According to a small study of 17 adults suffering with rheumatoid arthritis (RA), a new technique may improve the stubborn symptoms.
The new technique is actually not so new, as it has been used for a long time now to treat and control seizures in patients with epilepsy. The technique called vagus nerve stimulation (VNS) uses electronic stimulation of the vagus nerve that runs from the brain to the gut. The study found that in six weeks, most patients showed improvement in joint swelling and other symptoms. The actual treatment performed with the device involves surgically implanting it under the skin of the chest with a wire connecting it to the vagus nerve in the neck. The implant is then programmed to send electrical impulses to the nerve.
Rheumatoid arthritis is an autoimmune condition in which the immune system mistakenly attacks the lining of the joints throughout the body, causing swelling, pain, and stiffness. Over time, this can cause irreparable damage to the joints. The vagus nerves pass through the neck and chest and into the abdomen, affecting many parts of the body. Fibers that are connected to these nerves act as a protective mechanism and are shown to reduce and play a key role in inflammation. Animal studies have already shown that stimulating the vagus nerve reduces the production of inflammatory chemicals such as tumor necrosis factor (TNF) and interleukin-6 by the immune system. This suggests it works similarly to many of the standard drugs used to treat rheumatoid arthritis, called “biologics” — such as Enbrel, Humira, and Remicade.
“This isn’t pie in the sky. It’s a potentially viable alternative to what’s available now for RA,” said Dr. David Borenstein, a rheumatologist at George Washington University Medical Center in Washington, D.C.
For the study, the research team implanted a VNS (vagus nerve stimulation) device in 17 patients with rheumatoid arthritis. Seven were in the earlier stages of the disease and had no response to the anti-inflammatory drug methotrexate. The remaining 10 had more advanced disease and had failed to improve after trying at least two biologic drugs.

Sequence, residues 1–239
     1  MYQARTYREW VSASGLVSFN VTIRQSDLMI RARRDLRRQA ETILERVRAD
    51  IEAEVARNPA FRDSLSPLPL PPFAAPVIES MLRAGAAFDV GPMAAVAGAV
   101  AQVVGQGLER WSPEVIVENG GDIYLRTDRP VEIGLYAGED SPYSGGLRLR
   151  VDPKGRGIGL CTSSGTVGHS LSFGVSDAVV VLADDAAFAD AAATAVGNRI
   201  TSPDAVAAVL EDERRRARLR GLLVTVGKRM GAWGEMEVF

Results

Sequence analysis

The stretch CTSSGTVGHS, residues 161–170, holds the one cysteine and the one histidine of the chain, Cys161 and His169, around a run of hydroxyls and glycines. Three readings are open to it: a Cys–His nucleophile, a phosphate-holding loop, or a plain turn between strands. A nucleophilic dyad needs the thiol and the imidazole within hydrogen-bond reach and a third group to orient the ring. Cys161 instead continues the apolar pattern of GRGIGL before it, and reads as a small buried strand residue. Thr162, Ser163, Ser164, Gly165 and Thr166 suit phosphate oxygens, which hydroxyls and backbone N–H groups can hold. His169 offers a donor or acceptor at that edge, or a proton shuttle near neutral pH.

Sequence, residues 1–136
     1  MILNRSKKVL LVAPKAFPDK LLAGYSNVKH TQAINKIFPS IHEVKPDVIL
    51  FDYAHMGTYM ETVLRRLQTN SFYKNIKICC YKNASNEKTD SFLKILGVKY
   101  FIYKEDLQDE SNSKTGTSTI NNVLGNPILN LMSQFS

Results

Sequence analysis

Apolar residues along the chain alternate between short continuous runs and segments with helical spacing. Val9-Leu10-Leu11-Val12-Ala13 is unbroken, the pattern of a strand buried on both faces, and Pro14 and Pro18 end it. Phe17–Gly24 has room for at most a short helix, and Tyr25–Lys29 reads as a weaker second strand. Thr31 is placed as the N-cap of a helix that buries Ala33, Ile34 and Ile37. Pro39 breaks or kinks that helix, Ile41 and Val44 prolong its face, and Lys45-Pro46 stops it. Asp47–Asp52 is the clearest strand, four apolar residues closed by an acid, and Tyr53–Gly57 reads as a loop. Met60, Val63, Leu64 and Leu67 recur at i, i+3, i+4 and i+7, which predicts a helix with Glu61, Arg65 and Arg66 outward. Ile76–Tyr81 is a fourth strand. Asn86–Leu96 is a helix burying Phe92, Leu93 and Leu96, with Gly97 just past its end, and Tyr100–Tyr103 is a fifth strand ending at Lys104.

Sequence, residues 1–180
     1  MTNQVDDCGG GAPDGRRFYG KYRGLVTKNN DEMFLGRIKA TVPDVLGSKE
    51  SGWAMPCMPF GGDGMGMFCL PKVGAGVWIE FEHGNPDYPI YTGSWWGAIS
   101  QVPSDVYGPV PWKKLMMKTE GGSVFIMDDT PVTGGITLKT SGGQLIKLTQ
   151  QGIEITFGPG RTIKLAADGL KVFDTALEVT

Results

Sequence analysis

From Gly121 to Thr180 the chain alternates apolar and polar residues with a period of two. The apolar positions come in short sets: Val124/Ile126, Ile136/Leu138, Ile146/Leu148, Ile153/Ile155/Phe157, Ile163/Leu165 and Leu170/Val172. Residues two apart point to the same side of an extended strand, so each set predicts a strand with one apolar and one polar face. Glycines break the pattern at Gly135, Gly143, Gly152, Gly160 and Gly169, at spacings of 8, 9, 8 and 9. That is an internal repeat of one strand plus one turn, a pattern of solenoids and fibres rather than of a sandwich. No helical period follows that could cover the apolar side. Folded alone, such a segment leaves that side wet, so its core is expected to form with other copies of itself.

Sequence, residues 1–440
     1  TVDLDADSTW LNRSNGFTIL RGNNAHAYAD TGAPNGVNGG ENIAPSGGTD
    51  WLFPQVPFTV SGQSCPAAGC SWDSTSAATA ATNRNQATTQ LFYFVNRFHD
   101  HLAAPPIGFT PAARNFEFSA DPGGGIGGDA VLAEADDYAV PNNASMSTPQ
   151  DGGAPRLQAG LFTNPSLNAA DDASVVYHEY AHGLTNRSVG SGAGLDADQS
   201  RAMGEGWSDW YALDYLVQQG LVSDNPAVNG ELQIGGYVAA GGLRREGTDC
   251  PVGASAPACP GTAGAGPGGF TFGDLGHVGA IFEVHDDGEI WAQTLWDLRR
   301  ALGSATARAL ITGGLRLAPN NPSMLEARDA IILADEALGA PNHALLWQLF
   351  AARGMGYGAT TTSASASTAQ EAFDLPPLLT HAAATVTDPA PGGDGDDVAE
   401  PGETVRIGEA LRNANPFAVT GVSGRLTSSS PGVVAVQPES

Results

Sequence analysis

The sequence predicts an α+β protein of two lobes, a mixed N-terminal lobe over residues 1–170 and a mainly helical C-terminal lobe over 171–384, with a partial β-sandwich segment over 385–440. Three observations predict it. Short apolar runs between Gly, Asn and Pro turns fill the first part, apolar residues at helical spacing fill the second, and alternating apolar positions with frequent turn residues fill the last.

Surprisingly, just six weeks after the VNS devices were implanted, most of the patients were doing better, the study found. Seventy percent showed a 20 percent improvement in symptoms like tender, swollen joints, and 57 percent of those in the early stages of the disease showed a 50 percent reduction in overall symptoms.
There was no control group, Borenstein pointed out, but symptom improvements were comparable to what’s typically seen with biologics. The only side effect noted with VNS treatment is hoarseness, a known issue associated with this treatment.
More studies are needed to see how vagus nerve stimulation might fit into RA treatment. It is still unclear how long the benefits last or what side effects there could be in the long run. Because VNS works in a similar way to biologic drugs, there is potential risk for the same side effects such as increased risk of infections.
Although further trials must be done, this treatment has proven safe and effective for epilepsy patients. The researchers speculate about the possibility of using vagus nerve stimulation as a complementary therapy, along with medication, and the possibility of implementing breathing techniques, which also stimulate the vagus nerve, into the treatment.
The study was funded by SetPoint Medical, a company that is developing “neuromodulation” therapies for rheumatoid arthritis and other diseases.
Also, read Bel Marra Health’s article: Rheumatoid arthritis and insomnia linked to depressive symptoms, fatigue, and disability.